Let’s Talk About College: A Look at Sexual Violence in Campus Culture

by Ally Manousos, Prevention Program Coordinator, Sexual Assault Crisis Team

It’s the time of year when high school seniors are cramming for tests, applying to colleges, and anxiously awaiting acceptance letters in the mail. They’re getting ready to embark on a new phase of their life, full of independence, growth, and learning. For anyone who has a loved one on this journey, they know there are plenty of mixed feelings; there’s excitement, nostalgia for their little one becoming an adult, and at the back of their mind (if not on the forefront of their thoughts) there is a small aching fear about everything that could possibly go wrong. Recent statistics show that 1 in 5 women will experience sexual violence while attending college. Considering the fact that sexual violence is a historically under-reported crime (so the stats may be higher than we realize), and that around 24 million people are enrolled in college in the United States, this is not a statistic we can take lightly.Featured image

Ending campus sexual violence has been at the forefront of many discussions in the media lately. With the establishment of the recent White House Task Force to Protect Students from Sexual Assault, this issue has gained national attention signaling positive change and action to improve the lives of many thousands of students. The Task Force is responsible for the new Campus SAVE Act, which holds colleges and universities more accountable than ever before when it comes to responding to sexual violence. This is great news because it is forcing colleges and universities to review their policies and ensure they are meeting the needs of victims who want to report. However, although stricter requirements from the administration may slowly help with reporting and adjudication, this is not solving the root of the problem- rape culture is rampant on college campuses nationwide. Rape culture is “a complex set of beliefs that encourage male sexual aggression and supports violence against women. It is a society where violence is seen as sexy and sexuality as violent. In a rape culture, women perceive a continuum of threatened violence that ranges from sexual remarks to sexual touching to rape itself. A rape culture condones physical and emotional terrorism against women as the norm. In a rape culture,both men and women assume that sexual violence Continue reading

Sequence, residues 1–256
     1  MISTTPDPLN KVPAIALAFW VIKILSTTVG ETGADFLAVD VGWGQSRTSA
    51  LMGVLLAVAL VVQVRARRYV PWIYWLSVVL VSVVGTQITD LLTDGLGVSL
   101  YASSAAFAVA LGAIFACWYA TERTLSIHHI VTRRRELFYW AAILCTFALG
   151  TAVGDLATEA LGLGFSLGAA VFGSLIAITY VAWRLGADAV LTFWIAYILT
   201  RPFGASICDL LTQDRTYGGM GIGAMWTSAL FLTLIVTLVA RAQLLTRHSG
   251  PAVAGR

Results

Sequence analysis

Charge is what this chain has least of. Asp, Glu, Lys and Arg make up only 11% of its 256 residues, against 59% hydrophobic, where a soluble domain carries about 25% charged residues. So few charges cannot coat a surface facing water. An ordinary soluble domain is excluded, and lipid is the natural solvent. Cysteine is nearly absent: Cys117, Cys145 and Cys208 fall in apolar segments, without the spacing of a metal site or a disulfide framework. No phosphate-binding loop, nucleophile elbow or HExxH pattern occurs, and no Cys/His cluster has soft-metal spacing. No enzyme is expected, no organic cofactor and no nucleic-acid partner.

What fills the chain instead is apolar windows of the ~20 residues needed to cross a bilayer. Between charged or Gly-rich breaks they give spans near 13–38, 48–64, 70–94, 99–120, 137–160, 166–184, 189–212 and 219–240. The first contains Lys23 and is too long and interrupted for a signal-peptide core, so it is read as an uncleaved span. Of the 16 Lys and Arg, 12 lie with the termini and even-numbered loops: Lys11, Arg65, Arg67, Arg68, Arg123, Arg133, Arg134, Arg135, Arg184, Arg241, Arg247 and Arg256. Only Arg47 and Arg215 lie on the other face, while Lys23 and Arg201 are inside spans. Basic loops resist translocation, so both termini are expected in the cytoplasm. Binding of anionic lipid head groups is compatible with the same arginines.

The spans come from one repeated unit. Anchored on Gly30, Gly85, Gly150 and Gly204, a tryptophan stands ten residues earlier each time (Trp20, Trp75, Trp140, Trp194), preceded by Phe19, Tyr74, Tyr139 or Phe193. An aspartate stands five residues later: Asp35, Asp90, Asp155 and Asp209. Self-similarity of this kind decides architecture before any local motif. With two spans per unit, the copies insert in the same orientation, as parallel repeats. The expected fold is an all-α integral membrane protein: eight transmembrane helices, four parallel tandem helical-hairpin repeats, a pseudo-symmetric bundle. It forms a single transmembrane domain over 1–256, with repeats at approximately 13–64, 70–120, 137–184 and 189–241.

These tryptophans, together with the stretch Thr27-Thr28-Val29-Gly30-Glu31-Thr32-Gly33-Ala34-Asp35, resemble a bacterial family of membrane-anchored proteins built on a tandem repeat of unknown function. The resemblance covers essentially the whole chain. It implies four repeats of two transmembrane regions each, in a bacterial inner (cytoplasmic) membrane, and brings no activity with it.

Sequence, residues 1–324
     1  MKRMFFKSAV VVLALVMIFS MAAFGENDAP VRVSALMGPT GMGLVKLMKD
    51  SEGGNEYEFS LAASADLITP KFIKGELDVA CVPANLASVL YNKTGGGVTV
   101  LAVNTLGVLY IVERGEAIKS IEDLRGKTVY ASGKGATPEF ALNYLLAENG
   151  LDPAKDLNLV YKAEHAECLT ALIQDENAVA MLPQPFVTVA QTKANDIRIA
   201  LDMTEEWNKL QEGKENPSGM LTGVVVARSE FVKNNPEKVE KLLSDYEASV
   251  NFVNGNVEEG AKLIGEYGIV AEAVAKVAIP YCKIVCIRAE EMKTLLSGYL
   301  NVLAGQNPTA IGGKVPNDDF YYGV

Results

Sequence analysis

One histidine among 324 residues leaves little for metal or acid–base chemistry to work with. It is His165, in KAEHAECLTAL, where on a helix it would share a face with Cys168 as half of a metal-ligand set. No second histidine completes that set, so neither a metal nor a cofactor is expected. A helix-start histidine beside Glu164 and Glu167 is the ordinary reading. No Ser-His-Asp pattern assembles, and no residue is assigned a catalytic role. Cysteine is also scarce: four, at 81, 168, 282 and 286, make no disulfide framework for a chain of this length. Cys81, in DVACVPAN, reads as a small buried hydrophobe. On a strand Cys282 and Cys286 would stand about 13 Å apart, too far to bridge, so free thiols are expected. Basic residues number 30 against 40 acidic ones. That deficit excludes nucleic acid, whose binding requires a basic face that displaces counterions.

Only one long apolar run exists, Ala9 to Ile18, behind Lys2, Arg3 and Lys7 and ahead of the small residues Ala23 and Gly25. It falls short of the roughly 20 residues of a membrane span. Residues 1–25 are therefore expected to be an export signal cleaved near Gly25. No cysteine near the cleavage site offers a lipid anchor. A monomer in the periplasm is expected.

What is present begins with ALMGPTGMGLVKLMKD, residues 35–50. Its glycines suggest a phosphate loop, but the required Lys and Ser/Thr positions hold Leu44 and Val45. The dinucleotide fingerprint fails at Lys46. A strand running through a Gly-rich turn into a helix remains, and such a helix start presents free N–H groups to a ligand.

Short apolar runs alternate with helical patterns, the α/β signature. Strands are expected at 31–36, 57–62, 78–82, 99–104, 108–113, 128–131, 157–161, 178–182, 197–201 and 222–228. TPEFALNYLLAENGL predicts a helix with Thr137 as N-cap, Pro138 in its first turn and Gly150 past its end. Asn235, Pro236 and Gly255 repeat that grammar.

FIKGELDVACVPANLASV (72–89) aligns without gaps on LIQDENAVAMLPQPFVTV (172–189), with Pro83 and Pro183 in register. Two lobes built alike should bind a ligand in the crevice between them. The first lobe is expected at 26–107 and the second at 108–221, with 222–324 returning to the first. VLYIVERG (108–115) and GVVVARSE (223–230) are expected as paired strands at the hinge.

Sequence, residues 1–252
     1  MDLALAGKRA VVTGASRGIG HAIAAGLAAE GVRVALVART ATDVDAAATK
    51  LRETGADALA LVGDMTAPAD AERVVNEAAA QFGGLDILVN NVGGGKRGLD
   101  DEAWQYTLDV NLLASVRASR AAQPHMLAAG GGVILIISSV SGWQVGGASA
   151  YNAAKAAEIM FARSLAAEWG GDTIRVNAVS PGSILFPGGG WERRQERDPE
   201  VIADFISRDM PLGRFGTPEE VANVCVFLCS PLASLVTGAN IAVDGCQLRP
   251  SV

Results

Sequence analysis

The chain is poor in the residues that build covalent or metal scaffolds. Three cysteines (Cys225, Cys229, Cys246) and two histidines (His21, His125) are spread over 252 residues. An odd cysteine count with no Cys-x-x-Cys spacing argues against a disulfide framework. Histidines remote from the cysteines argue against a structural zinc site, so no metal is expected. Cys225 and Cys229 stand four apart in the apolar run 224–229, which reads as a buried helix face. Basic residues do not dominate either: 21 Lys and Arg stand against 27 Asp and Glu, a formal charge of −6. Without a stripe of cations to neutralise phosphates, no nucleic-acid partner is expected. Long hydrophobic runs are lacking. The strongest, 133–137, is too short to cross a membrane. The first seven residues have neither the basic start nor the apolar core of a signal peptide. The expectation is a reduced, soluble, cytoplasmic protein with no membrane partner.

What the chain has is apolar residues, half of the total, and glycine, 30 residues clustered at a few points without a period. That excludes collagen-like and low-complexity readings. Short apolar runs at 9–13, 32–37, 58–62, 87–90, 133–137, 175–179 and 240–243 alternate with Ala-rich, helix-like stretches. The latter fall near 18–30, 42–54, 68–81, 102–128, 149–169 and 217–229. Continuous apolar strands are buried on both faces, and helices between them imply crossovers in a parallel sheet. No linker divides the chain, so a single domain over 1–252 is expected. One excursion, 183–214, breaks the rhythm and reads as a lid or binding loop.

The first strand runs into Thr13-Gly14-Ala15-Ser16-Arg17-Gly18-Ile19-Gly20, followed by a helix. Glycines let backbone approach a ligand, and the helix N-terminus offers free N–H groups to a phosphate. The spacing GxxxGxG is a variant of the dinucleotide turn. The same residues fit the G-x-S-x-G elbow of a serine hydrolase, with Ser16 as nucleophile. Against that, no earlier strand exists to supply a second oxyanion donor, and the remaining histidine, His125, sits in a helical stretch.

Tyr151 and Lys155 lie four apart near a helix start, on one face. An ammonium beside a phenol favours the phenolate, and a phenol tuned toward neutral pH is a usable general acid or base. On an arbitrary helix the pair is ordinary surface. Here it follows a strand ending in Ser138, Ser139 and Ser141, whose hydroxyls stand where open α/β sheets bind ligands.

5 Things About Sexting that Aren’t Legalese

by Amanda Rohdenburg, Director of Advocacy, Outright Vermont

1. First things first:  Sexting is a slang word created by pushing ‘sex’ and ‘texting’ together.  So then ‘sexting’ is a sexual text exchange, sometimes including nude pictures.  It can happen through a whole range of social media (Facebook, Twitter), electronic devices (computers, camera phones, tablets), and applications (i.e. SnapChat).